The cost of smoking

I talked with a reporter last week who asked me a simple question:

  • do smokers actually save society money because they die sooner?

The short answer is no, smoking imposes large costs on society. However, as I talked with the reporter, I realized that he had many questions underneath this simple one, that not only related to aggregate or net costs (social cost), but to the distribution of costs (who bears the burden).

I am going to do a series of posts looking at the cost of smoking to society, based on a book that I wrote with Frank Sloan and others (The Price of Smoking, MIT Press, 2004). Our book provides a comprehensive life cycle estimate of the social cost of smoking. This was done by taking the present value of the life cycle stream of private, external, and quasi-external costs for a 24 year old smoker (all costs shown in 2000 dollars). Using many sources of data, we created smoking life tables, and also provide a detailed accounting not only of net costs, but of various cross subsidies that exist. The NPV social cost of a 24 year old smoker was around $220,000 for men, and $106,000 for women. Our calculations account for the purchase cost of cigarettes as well as excise taxes paid. The bottom line of $171,000 shown below is a mean social cost of smoking for a 24 year old smoker, weighted by gender (table 11.4 of the book (p. 257):

We further estimated that the social cost of smoking in 2000 was around $40/pack of cigarettes, distributed as follows:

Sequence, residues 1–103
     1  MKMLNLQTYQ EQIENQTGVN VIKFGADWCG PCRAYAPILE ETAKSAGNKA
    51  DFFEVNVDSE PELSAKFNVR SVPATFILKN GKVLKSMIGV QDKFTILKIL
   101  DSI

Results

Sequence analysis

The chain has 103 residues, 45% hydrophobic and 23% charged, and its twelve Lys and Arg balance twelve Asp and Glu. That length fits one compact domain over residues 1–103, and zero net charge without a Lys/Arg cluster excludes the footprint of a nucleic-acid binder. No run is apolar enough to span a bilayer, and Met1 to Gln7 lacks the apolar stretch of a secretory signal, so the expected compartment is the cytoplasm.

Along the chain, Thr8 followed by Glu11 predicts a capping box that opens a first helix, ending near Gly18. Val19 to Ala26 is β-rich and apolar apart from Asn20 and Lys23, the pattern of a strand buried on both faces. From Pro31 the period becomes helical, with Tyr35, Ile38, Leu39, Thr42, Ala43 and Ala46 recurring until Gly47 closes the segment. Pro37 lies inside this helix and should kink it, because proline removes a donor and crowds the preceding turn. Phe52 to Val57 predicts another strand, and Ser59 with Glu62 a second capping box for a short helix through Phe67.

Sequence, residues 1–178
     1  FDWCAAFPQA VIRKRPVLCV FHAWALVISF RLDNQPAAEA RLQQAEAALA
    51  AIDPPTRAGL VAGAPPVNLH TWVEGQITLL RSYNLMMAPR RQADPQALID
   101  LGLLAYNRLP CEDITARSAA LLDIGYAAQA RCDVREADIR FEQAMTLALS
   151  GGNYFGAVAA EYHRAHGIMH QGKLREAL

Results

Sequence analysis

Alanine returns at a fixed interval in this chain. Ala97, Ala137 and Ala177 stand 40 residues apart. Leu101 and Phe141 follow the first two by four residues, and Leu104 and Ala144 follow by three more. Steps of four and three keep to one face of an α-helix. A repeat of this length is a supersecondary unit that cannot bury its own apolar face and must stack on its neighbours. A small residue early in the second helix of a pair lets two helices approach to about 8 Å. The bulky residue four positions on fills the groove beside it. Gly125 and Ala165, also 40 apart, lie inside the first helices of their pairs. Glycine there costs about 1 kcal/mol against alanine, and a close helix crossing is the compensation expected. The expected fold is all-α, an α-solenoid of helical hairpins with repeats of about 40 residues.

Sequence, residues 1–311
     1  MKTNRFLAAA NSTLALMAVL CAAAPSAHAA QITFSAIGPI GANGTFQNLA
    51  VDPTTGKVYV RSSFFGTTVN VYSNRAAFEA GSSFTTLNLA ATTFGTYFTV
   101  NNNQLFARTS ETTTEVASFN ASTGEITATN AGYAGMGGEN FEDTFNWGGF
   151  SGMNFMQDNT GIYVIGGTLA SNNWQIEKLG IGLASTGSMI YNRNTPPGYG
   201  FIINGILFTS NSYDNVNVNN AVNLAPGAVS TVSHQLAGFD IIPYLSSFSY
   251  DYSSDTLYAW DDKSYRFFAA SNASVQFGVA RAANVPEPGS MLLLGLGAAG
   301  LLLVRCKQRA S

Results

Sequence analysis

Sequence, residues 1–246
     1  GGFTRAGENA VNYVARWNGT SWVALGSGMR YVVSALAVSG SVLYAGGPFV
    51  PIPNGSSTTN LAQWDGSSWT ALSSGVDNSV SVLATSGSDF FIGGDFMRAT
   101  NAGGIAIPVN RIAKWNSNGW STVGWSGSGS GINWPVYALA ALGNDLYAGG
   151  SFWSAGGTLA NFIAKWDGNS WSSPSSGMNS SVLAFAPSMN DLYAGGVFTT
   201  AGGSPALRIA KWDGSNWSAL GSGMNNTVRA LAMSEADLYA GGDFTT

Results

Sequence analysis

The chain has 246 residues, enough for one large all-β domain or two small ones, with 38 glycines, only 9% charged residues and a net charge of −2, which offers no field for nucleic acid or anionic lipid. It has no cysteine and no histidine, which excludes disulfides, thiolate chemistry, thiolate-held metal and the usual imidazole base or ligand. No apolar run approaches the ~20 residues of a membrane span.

• $33 private cost: borne by the individual, primarily through a substantially shortened lifespan
  • $5.50 quasi-external cost: borne by the smokers’ family through increased health costs, slightly lower wages and other factors
  • $1.50 external cost: borne by society, and representing the net effect of things like taxes paid, Medicaid and Medicare payments, and Social Security received

Our estimates show that smoking imposes very large social costs. It is true that a large proportion of the costs are borne by the smoker themselves (what we called private costs), which could lead someone to think that this is mostly a private decision and not a matter of public policy. However, there are other costs, some borne by a smoker’s family (we called them quasi-external costs), including children, and others borne by society as a whole (external cost). And the relatively small magnitude of external costs as compared to private ones obscures the sheer size of the external costs of smoking. Our estimates imply a total external cost of a cohort of 24 year old smokers at $35 Billion over their lifetime ($7 Billion for external, plus $28 Billion for quasi-external). Note that this is an incidence cost, so for each cohort (the next year of smokers and so on) there is another $35 Billion in external costs imposed by smoking.

For the remainder of the series, I am going to delve more deeply into what we measured (and didn’t measure) to estimate private costs, quasi-external costs, and external costs. I will also identify cross-subsidies of one program versus another that may be of more interest to some than even the net, or the social cost. Finally, I will describe how our book can and cannot be used to answer direct policy questions like ‘should a given state charge smokers a higher cost share in Medicaid?’ Or, ‘should cigarette excise taxes be raised?’

Other Posts in this series addressed the components of the social cost of smoking:

Full citation: Frank A. Sloan, Jan Ostermann, Gabriel Picone, Christopher Conover and Donald H. Taylor, Jr. The Price of Smoking. MIT Press: 2004. The Price of Smoking is available as an ebook.